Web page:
The U.S. Securities and Exchange Commission and other government agencies are conducting a broad probe of “potential security and financial risks” in a foreign visa program used to promote job growth, according to a letter sent to the Senate yesterday.
The investigations are becoming an issue in the Virginia governor’s race, where Terry McAuliffe, a Democratic fundraiser and confidant of Bill and Hillary Clinton, partnered in 2009 with a Chinese businessman in a startup company, GreenTech Automotive Inc., and worked with Anthony Rodham, the former first lady’s brother, to secure financing from Chinese investors.
In December, McAuliffe, 56, resigned from GreenTech to devote full time to his campaign. He left behind a company that employs fewer people than promised, hasn’t produce many cars and is drawing government scrutiny for promises made in its pitch to prospective foreign backers -- details that Republican candidate Ken Cuccinelli, himself fending off criticism over ties to a developer under scrutiny, has repeatedly raised on the campaign trail.
A closer look at GreenTech illustrates what some analysts and government investigators say are broader flaws in a two-decade-old program that gives foreign investors green cards in exchange for $500,000 investments that create or preserve at least 10 American jobs. There are 10,000 so-called “EB-5” visas available each year.
“I’m very skeptical about this program,” said David Martin, a law professor at the University of Virginia who has served as general counsel to the Immigration and Naturalization Service and as a deputy counselor to the Department of Homeland Security, in the Clinton and Obama administrations. “It’s doubtful how much these visas have contributed to jobs and the overall economy. And has it been worth all of the effort and complications?”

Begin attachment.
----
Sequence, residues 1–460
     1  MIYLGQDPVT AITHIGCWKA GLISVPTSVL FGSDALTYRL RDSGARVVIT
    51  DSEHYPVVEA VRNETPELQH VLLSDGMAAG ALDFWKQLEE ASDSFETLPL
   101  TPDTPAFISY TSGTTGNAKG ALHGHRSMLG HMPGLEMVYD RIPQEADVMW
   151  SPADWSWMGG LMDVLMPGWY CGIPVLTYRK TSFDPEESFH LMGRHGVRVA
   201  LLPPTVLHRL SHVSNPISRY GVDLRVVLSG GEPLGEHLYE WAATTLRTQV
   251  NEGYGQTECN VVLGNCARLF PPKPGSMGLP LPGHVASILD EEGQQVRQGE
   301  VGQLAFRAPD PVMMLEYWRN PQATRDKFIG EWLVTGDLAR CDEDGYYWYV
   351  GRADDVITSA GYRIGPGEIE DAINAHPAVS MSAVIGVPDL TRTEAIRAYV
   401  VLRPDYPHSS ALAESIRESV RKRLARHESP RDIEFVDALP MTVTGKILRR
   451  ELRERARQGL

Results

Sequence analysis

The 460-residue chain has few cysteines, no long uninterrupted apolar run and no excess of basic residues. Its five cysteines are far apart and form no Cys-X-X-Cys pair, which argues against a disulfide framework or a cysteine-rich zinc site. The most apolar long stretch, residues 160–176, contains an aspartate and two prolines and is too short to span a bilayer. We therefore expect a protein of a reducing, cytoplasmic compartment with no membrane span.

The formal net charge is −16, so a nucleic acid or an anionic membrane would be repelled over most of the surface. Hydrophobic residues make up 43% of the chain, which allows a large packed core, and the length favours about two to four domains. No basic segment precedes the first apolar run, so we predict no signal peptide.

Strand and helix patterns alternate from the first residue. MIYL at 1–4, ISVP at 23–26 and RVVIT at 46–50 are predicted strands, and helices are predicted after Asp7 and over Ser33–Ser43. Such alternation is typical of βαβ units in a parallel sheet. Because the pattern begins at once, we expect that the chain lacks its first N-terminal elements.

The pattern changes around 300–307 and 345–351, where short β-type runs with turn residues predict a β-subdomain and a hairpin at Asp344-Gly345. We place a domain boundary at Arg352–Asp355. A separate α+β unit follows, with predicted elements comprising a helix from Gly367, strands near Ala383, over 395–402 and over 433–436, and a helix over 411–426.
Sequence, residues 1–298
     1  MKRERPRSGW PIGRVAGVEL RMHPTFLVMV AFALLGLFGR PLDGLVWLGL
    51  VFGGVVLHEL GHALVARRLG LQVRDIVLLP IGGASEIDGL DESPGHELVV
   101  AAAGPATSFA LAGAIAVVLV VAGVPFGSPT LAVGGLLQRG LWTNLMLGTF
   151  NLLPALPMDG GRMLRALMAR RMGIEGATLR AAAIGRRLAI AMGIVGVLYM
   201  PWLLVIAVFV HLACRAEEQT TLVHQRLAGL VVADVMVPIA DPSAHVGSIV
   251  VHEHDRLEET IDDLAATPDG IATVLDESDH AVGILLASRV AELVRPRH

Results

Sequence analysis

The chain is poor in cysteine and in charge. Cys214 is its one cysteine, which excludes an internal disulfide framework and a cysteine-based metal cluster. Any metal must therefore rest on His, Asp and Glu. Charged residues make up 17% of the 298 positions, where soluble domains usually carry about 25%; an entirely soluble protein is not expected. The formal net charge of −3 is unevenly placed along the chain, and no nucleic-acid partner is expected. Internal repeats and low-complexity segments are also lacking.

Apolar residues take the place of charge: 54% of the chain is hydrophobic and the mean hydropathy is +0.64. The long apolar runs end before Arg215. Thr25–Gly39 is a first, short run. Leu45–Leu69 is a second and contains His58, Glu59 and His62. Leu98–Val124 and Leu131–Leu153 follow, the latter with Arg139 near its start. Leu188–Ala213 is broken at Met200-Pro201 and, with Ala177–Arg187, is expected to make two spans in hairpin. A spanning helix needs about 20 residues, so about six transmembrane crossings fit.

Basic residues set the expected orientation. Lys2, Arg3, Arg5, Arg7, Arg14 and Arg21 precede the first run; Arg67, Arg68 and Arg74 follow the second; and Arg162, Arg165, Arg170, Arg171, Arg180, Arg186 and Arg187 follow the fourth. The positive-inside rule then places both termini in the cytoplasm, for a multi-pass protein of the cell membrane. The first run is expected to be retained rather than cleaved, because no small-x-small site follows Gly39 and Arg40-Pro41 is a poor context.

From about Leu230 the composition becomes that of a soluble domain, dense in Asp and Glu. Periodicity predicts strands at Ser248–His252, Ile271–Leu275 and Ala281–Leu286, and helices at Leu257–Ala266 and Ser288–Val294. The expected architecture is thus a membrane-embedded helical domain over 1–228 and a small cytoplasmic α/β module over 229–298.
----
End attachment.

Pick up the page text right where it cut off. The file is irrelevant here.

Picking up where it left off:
Federal agencies including the SEC and U.S. Citizenship and Immigration Services formed a team last year to “examine potential security and financial risks associated with the EB-5 program,” according to a letter dated yesterday from the SEC to Senator Charles Grassley, an Iowa Republican who has been asking questions about the visas.
In addition, the SEC is conducting its own review. In February, it filed a securities fraud claim against a Chicago man seeking foreign money to build a “green” hotel, and in July the commission sent a document subpoena to GreenTech, the company confirmed in a statement. Other firms are also under scrutiny and could face fines and other civil penalties.
The Department of Homeland Security’s inspector general also has been auditing the EB-5 program for a year, according to an e-mail from the inspector’s office to Grassley, which the lawmaker made public.
“The EB-5 program was created to benefit American communities through investment and job creation, and with a fragile economy, the program has been a tool that could increase economic activity,” Grassley said in a statement. “But when whistle-blowers come forward with documents and allegations of political favoritism and national security concerns, Congress needs to take another look at the program and ask questions with a new sense of urgency.”